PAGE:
A survey conducted in the UK by YouGov on behalf of the Telehealth Forum found an overwhelming majority of participants were not familiar with telehealth or telecare.
The survey revealed that 91 percent of the UK adults in the survey had never heard of either term. Among older users (aged 55 or over), an even higher percentage of users (93 percent) were unfamiliar with telehealth and telecare.
Older users are statistically more likely to be the users of the two types of services since they are most at risk of contrasting a chronic disease. Telehealth is a more intensive form of monitoring of patients in their own homes while telecare uses geofencing to sound an alarm if a user moves outside a specific location.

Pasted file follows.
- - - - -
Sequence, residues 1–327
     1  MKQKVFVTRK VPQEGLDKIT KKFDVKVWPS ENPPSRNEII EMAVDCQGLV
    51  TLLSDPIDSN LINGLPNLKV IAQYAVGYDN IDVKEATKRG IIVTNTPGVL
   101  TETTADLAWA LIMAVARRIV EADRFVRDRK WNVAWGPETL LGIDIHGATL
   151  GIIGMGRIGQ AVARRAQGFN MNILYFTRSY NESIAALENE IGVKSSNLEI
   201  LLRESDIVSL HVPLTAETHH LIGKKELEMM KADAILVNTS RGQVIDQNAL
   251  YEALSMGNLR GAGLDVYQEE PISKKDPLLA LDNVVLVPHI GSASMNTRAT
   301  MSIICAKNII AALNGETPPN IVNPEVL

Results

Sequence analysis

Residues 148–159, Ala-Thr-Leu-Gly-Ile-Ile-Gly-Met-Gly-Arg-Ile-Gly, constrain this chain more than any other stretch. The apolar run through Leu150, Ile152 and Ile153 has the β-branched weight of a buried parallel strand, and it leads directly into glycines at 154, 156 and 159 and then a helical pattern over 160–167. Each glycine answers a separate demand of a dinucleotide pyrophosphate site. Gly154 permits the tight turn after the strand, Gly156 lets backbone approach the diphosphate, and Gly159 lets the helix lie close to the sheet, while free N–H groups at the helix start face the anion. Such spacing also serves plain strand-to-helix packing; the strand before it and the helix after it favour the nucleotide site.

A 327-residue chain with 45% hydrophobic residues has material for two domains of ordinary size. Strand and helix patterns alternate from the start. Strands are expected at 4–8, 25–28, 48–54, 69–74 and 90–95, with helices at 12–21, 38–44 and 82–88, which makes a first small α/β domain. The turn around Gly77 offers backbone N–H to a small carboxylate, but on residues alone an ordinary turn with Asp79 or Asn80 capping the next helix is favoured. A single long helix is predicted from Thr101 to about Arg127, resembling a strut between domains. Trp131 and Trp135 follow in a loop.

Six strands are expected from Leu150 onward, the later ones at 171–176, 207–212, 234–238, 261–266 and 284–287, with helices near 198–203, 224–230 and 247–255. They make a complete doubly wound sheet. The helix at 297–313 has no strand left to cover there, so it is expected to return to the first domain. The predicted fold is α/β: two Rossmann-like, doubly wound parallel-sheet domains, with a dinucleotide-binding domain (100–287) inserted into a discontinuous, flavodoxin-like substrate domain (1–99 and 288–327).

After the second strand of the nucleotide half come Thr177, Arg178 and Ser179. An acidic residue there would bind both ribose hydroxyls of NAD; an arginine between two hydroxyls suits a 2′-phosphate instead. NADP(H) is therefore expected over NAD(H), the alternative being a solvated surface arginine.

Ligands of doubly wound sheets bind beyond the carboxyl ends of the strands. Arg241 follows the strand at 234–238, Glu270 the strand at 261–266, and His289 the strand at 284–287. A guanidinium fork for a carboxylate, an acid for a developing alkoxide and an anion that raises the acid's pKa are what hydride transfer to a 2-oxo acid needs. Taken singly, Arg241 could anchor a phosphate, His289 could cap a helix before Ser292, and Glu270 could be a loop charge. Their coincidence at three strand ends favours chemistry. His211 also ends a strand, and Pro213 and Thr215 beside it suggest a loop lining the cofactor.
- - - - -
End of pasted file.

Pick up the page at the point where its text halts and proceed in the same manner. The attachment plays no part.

The survey interviewed more than 2,000 adults in March this year. It found only five percent ot those surveyed knew what telehealth was and only four percent were familiar with telecare.
The UK government last December launched its Three Million Lives campaign to encourage the take-up of such services as an important objective. Hence public perception of telehealth and telecare is crucial to its aim. Some members of the public are sceptical such services are used to justify staff cuts.
However a recent survey by the Nuffield Trust found that patients with chronic diseases monitored via telehealth fared better healthwise than those in hospital, which might indicate preference among patients for this style of treatment.